The performance came three months after the NFL, Pepsi and Roc Nation announced that the Grammy winner, 30, would be headlining the Kansas City Chiefs and Tampa Bay Buccaneers game at the Raymond James Stadium in Tampa, Florida.
Roc Nation founder Jay-Z said in a November 2020 statement: “The Weeknd has introduced a sound all his own. His soulful uniqueness has defined a new generation of greatness in music and artistry. This is an extraordinary moment in time, and the Pepsi Super Bowl LV halftime show is going to be an extraordinary experience with an extraordinary performer.”
The Canada native called the performance “a dream” at the time, saying in a statement that he was “humbled, honored and ecstatic to be the center of that infamous stage this year.”
The “I Feel It Coming” singer used $7 million of his own money to “make this halftime show be what he envisioned.” He told Billboard last month: “We’ve been really focusing on dialing in on the fans at home and making performances a cinematic experience, and we want to do that with the Super Bowl.”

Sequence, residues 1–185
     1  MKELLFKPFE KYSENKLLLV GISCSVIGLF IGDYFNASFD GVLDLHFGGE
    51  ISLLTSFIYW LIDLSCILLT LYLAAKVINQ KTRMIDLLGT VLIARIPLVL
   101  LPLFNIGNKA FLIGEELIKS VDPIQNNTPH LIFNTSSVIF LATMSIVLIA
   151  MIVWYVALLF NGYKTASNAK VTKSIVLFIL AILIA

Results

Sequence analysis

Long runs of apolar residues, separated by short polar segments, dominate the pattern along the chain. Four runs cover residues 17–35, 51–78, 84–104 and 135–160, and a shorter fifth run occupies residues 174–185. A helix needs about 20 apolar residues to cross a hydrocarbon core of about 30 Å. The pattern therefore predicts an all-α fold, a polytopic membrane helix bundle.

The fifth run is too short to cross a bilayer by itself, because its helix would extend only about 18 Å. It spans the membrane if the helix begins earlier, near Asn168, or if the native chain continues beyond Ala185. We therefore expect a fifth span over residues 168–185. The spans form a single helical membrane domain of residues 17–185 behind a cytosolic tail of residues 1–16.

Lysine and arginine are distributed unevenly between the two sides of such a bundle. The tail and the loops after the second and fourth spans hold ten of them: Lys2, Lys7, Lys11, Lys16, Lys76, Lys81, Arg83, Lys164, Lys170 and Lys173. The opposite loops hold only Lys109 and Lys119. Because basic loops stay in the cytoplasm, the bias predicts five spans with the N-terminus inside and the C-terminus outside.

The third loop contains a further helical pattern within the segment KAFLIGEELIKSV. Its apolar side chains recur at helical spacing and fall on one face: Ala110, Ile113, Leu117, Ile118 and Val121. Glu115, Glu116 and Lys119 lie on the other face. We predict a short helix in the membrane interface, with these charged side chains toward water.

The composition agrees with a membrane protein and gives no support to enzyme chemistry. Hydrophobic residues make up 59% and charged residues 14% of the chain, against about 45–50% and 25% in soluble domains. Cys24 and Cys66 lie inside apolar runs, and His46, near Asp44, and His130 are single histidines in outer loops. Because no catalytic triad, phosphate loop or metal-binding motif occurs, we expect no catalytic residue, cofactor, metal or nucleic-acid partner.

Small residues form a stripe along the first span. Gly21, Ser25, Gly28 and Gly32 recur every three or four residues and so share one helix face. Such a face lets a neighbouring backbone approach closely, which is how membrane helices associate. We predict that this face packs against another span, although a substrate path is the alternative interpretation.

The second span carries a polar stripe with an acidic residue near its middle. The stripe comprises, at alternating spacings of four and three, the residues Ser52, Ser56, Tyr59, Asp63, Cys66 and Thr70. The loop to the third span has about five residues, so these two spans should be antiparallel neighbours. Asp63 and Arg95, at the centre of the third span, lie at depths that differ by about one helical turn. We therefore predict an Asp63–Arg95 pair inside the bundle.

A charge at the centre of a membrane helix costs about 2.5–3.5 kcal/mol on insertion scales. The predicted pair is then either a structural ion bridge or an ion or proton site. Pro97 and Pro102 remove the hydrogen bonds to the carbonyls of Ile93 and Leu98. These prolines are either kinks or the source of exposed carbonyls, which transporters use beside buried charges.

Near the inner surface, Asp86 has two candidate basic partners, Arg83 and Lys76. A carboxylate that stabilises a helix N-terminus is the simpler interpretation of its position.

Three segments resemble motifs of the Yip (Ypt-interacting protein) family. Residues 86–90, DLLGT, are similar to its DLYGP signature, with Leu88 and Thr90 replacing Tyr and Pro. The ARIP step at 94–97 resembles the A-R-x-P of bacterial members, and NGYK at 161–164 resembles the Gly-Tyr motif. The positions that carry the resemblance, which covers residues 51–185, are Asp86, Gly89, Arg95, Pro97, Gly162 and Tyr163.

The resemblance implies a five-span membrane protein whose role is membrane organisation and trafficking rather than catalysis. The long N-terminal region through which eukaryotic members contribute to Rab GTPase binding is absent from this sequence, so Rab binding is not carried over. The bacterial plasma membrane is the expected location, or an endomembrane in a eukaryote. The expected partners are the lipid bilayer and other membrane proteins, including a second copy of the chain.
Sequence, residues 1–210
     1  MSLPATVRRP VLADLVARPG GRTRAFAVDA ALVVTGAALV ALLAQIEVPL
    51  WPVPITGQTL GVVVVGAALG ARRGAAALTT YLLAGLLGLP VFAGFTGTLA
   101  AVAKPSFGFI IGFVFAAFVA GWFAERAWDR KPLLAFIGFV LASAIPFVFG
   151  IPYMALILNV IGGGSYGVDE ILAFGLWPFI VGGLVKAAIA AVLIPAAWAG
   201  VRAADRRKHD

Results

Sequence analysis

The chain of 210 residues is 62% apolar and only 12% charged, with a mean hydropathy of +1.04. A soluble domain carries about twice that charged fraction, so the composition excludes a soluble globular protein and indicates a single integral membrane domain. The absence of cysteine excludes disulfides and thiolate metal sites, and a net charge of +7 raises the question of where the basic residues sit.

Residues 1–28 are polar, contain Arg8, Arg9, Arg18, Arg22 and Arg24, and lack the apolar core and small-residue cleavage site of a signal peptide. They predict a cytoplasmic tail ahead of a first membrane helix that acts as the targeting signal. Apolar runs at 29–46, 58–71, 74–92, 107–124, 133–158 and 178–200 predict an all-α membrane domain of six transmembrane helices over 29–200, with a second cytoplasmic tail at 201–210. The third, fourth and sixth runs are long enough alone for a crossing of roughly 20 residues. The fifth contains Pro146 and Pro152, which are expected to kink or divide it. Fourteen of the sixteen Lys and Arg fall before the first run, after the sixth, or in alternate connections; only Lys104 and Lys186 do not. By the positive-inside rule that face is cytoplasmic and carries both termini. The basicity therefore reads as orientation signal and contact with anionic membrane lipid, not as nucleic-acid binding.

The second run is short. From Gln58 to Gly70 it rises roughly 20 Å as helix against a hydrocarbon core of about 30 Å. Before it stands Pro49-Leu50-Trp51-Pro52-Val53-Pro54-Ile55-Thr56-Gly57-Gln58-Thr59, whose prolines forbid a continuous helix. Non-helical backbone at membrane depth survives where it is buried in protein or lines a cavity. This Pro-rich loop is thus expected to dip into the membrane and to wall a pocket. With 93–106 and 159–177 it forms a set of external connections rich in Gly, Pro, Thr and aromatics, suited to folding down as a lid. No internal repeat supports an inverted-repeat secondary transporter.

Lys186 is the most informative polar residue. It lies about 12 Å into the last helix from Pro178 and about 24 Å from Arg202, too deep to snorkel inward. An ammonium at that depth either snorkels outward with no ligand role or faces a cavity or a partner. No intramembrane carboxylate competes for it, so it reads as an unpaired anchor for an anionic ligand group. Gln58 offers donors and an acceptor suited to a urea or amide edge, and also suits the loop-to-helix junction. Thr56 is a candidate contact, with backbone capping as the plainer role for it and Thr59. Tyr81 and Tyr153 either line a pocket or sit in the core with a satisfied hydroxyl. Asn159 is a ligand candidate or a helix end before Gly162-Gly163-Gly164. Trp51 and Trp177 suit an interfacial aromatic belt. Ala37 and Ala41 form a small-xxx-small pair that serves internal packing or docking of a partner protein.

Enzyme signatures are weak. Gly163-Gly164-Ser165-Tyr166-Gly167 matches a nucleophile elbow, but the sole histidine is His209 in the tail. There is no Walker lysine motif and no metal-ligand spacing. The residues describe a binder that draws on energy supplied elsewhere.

Earlier this month, the songwriter said in a press conference that the stage would be built “within the stadium” due to COVID-19 precautions. The Weeknd added that most of the show would take place in the stands, explaining, “We’re also using the field as well, but we wanted to kind of do something that we’ve never done before.”
He went on to say during an NFL GameDay Morning interview on Sunday that his show would include “no special guests.”
The performance capped off a successful year for The Weeknd, following the release of his After Hours album in March 2020. The certified-platinum album topped the Billboard 200 and broke multiple streaming records.
When the Recording Academy snubbed the “In Your Eyes” crooner in Grammy Award nominations in November 2020, The Weeknd called them “corrupt.” He tweeted at the time: “You owe me, my fans and the industry transparency.”